Sunday Morning Music

Sunday Morning Music !

Ho and a Hi
and a Hey and
a Howdy.

Beautiful music,
blues played with passion,
tough minded rock,
soulful R&B —
all planned for you
on this edition of
SMM.

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Buddy Miles —
Down By The River

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John Legend —
Another Again

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Samantha Fish —
Somebody’s Always Trying

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O-Jays —
Sunshine

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Helen Merrill
w/ Quincy Jones Sextet-
What’s New

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The Ramones —
Sheena Is A Punk Rocker

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Big Bad Voodoo Daddy —
King Of Swing

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Janis Joplin —
To Love Somebody

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Cowboy Junkies —
” Sweet Jane ” 

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John Lennon —
# 9 Dream

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Helen Merrill
w/ Quincy Jones Septet —
You’d Be So Nice To Come Home To

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Rob Thomas and Joss Stone —
Stop Draggin My Heart Around

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Burton Cummings–
” Stand Tall “

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The Delfonics —
“Over and Over

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Smash Mouth —
” Then The Morning Comes

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Amy Winehouse —
” Will You Still Love Me Tomorrow?

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Squirrel Nut Zippers —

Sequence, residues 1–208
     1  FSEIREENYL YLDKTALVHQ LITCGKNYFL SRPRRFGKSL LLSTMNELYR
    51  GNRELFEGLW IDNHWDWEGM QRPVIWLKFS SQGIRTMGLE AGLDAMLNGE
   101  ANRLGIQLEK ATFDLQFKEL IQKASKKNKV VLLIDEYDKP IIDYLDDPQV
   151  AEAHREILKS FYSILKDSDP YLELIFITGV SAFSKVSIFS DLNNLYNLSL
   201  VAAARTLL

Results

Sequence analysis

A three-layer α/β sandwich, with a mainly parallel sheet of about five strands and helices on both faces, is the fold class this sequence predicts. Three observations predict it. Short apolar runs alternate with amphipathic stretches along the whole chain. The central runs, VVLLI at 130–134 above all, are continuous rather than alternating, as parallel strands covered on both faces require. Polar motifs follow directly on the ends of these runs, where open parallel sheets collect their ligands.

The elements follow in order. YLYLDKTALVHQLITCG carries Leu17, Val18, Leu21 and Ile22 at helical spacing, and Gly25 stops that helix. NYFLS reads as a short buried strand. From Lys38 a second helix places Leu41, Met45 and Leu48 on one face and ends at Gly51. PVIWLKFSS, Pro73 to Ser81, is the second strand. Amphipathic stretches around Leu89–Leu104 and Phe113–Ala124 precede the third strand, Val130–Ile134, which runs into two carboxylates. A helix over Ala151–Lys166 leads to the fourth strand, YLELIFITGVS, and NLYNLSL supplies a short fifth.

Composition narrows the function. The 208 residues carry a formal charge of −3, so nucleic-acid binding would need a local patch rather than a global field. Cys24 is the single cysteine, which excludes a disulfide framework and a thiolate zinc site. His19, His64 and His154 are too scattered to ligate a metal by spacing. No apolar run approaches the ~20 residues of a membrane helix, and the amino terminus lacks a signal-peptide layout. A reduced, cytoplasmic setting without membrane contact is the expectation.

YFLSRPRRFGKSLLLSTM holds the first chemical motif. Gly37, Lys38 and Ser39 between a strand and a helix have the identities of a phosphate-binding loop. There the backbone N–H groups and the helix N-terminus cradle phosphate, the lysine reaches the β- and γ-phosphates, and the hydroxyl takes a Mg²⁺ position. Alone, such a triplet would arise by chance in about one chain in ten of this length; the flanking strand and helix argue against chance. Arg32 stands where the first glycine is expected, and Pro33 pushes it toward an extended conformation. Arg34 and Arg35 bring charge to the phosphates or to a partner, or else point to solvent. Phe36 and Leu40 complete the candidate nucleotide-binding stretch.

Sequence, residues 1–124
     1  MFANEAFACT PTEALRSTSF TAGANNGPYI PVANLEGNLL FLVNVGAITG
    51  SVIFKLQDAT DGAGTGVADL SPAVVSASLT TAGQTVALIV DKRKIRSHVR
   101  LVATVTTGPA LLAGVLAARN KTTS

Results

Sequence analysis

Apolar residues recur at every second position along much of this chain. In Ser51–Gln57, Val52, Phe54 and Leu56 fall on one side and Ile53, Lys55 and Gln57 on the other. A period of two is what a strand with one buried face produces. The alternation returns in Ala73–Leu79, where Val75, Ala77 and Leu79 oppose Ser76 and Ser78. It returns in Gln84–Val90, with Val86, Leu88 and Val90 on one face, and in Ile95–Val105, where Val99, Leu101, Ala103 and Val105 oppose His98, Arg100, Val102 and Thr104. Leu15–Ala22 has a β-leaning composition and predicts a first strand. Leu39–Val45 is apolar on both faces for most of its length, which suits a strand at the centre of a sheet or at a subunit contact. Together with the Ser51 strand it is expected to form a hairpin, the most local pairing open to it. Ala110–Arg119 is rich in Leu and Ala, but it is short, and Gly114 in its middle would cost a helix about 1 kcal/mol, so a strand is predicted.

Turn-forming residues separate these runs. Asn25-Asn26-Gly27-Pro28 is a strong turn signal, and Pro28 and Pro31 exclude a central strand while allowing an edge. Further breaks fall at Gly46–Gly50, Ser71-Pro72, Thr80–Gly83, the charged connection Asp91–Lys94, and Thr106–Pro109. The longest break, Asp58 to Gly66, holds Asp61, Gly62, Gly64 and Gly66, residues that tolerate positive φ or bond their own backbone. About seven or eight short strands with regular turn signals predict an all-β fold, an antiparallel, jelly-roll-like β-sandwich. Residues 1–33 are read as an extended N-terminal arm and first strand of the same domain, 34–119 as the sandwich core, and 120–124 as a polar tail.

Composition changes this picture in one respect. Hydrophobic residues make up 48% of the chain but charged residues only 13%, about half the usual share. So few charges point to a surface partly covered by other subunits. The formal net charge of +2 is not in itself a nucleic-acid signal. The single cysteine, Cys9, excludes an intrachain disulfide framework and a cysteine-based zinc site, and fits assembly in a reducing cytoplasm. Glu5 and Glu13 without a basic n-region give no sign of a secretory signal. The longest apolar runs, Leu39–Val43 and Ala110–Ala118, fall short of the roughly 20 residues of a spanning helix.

Blue Angel

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Joan Jett —
I Hate Myself For Loving You

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The Stylistics —
Let’s Put It All Together

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Haley Reinhart —
” Creep

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Soundgarden —
Superunknown

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Kerri Chandler —
Are You Going With Me

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Frank Sinatra —
Summer Wind

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Helen Merrill
w/ Quincy Jones Septet —
“Falling In Love With Love

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Mazzy Star —
Fade Into You

.

The Cure —
” Boys Don’t Cry

.

Dave Grohl & Stevie Nicks–
” Landslide ”

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!!! HOY !!!

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The Lincoln Futura

Several times over
the years, folks have
asked me about the
original “Batmobile” —

was it based
on a real car,
or was it built
from the ground up ?

But, just one look at the 1955
Lincoln Futura would answer
those questions right away.

The thing is —
– there was only 1 ever built –

but, unlike many prototypes
produced at the time for the
car show circuit, it was fully
operable.

Ford designers Bill Schmidt
and John Najjar came up
with the concept from an
idea Schmidt had in 1945-

and the Italian auto coachmaker
Ghia was finally chosen to
build it in 1954, (for $250,000)
on a modified Lincoln chassis.

Equipped with a large 368
Y-Block OHV V-8, making
about 330 horsepower with
a 4 barrel carb, and a
three speed ‘Turbo-Drive’
automatic transmission,
it was first unveiled at the
Chicago Auto Show in
January, 1955.

High points of the body
included a double,
clear-plastic canopy top,
a dramatic grill and hood
with deep inset headlights,
and large tail fins.

Futura’s high tech looking
design was quite popular
on the mid-1950’s car show
rounds – and it’s advanced
styling influenced designs
for future models like the
Ford Galaxie and Lincoln Capri.

It even appeared in a
Hollywood movie in 1959
with Glenn Ford and
Debbie Reynolds
“It Started With A Kiss”.
(it was repainted red)

Soon enough, though, the
car wasn’t being used much
anymore, and Ford sold the
prototype to auto customizer
George Barris –
(also known for his
“Munster’s” car)
who had it sitting unused
and unloved behind one of
his storage barns for
several years.

Then, in 1965, (20 years after
it was first conceived as the
“Futura”) the producers of
“Batman” approached Barris
for a car for the TV series –
Barris had minor alterations
to the body made, and the legend
of the original “Batmobile” was born.

That car still exists today –
as do copies made at the time
of the TV series and after –
in a collection on the
West Coast.

You won’t see it being
driven on the highways,
however —
it never was titled,
had no VIN number,
and is un-insurable
as a motor vehicle.

But as a generational
culture momento,|
boy howdy is it.

!!! HOY !!!